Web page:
I made my annual pilgrimage to the Midwestcon for decades, unmarried at the beginning in Bellefontaine, later at Cincinnati married. I'm sure sexy things must have happened there, but I remember only one: in the early hours one year, Randy Garrett was locked out of a certain room without his clothes and upset Mrs. Beatley, the management. Another time, Arthur Clarke shocked the weekend crowd by being reported swimming in the nude at dawn. It was untrue (he wore trunks), but we were shocked anyhow just realizing how icy cold the lake water was for Eastertime.
As the 1950s came in, so did another cute girl who was to become perhaps the biggest BNFF (Big Name Femme Fan) of them all. At first known in California as Berry Jo Wells, she became, simply, Bjo. When I first met her, I was utterly entranced by this vivacious person in the WAVE uniform. She married John Trimble, and together they rose to the heights in fandom (especially for years of ramrodding the worldcon Art Show).
"Girls" have risen to hold the reigns of power at worldcons as chairmen, chairwomen, chairpersons, and chairs. The pinnacle was reached in 1952, when Judy May (Julian C. May) became the chairman of TASFIC, the Tenth Anniversary Science Fiction Convention, in Chicago. She was betrothed to Thaddeus "Ted" Dikty, Earle Korshak's partner in Shasta Publishers, one of the original small sf book houses along with Fantasy Press and Gnome Press in the late `40s and early `50s. Just two years later it was a husband and wife team of Lester and Esther Cole who were the chiefs of the SF Con in San Francisco, with Poul Anderson's enticing wife Karen as an assistant. The following year, at the Clevention, another husband and wife team were the chairs, Noreen and Nicholas Falasca, with cute little Honey Wood assisting. She later married author Rog Phillips.
The Hydra Club in the late `40s and early `50s was the big deal in New York for the serious old-time fans who were becoming professionals. The meetings started off in Inga and Fletcher Pratt's apartment on West 56th Street, down from the Plaza Hotel corner. By now, sex was rampant in the sf fannish world. People were getting married and un-married right and left (an appropriate phraseology). Helen married Lester, Lester married Evelyn, Evelyn married Harry, Harry married Joanie, Damon married Helen, Fred married Doë, Doë married Dick, Jay married Carol, Carol married Fred, etc., etc. Even I got involved when I drove Fred's exwife Tina (Dorothy Les Tina) to the Torcon of 1948, but that doesn't really count. And this is just in the New York City area. More sexy details about me and my friends are spelled out in that fascinatingly candid exposé of the 1930s and `40s called The Futurians, written by Damon Knight.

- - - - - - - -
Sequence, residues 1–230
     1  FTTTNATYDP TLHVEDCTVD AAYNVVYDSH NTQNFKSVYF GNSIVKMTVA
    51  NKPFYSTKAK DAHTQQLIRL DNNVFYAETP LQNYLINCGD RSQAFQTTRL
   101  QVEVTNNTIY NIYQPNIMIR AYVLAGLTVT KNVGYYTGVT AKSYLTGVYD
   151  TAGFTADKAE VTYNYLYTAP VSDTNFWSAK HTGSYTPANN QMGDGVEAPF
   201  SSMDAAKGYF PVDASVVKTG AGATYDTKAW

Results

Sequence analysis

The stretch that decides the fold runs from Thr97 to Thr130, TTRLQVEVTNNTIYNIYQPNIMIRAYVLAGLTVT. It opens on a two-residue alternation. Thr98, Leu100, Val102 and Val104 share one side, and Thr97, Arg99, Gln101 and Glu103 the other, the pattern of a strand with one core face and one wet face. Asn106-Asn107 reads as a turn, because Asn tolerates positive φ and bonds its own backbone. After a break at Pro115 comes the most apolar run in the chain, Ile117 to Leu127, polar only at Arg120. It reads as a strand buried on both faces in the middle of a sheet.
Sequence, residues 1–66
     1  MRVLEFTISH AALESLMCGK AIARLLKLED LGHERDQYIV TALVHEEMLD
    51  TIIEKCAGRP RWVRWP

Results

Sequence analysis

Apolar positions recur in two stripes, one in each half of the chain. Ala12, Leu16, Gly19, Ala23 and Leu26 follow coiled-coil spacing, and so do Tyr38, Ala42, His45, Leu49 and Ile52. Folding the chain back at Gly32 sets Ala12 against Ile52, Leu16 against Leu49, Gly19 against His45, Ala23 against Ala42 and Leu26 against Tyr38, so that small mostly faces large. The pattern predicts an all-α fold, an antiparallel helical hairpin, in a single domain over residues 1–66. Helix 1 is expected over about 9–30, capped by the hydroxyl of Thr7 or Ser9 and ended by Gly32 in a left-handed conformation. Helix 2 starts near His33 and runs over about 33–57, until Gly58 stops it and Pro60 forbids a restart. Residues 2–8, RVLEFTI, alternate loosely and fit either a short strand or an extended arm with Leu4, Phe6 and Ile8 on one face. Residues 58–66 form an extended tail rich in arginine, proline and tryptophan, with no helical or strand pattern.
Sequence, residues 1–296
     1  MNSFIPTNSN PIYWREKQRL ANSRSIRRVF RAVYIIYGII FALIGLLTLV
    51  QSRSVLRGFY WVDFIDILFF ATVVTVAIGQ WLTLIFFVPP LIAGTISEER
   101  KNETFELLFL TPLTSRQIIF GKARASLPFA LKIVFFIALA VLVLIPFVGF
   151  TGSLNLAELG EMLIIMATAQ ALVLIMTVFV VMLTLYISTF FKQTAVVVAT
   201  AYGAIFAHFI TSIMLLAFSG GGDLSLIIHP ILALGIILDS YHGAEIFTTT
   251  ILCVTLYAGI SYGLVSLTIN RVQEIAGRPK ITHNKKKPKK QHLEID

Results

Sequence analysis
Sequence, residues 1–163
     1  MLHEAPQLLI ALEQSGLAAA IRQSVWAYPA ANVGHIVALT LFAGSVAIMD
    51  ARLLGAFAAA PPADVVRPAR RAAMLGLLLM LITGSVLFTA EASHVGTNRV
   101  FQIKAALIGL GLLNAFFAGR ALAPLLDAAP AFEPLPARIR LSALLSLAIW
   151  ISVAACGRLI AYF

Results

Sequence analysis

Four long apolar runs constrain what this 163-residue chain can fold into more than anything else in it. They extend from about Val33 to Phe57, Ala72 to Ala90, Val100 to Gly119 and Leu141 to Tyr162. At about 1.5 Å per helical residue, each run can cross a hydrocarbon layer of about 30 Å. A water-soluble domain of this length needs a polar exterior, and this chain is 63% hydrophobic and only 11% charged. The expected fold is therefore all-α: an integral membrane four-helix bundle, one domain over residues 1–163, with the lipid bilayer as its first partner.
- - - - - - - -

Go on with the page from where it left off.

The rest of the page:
Hundreds of words can be written about these relationships of the times, social and business and otherwise. (Torcon's strongest memory for me was meeting the elusive, fiery-headed L. Ron Hubbard for the first time, although I had published his Typewriter in the Sky and Fear at Gnome. He had been ostracized from the Hydra Club. Fletcher and Sprague -- also Gnome authors -- were said to be responsible. The only charge, undemonstrated to me, against Ron which I remember -- except for his over-bearing ego -- was that he was a womanizer.)
Maybe sf fans invented the 1960s in the 1950s. (Although I must say that, whatever the excesses, the only drug prevalent to a minor extent was alcohol.) By 1953, women were now a fixture in the sf firmament. Bea, Katherine MacLean, and the two Evelyns had a panel at Philcon II and there were talks on "The Future of Love" by Irvin Heyne and "SF and the Kinsey Report" by Philip José Farmer. Phil Farmer really broke the sex barrier in sf, and Kate MacLean was an unabashed advocate of "free love" and took explicit photos with Charlie Dye.
Philcon II produced another sex item: Bert Campbell (British editor of Authentic SF) and I met young, prim Phyllis Scott there. She was a native of Maine, living in New York City, and soon became very much part of the sf scene. One day to my horror I learned she was threatened into white slavery by a thug. By her cooperation with police and attorney Marty Fass (my security head for Newyorcon 1956), justice triumphed and she moved out of danger to California.
Ruth Kyle, my wife, entered fandom as Ruth Landis, a minister's daughter from New Jersey. Months before the 1955 Clevention, she read about the worldcon in Astounding Science Fiction. A genuine sf enthusiast, she decided she wanted to meet those who were bringing her such enjoyment. Knowing no one and not being familiar in any way with fandom, Ruth showed up alone at the Manger Hotel in Cleveland. I became aware of her presence when Ken Bulmer and his wife Pamela alerted me.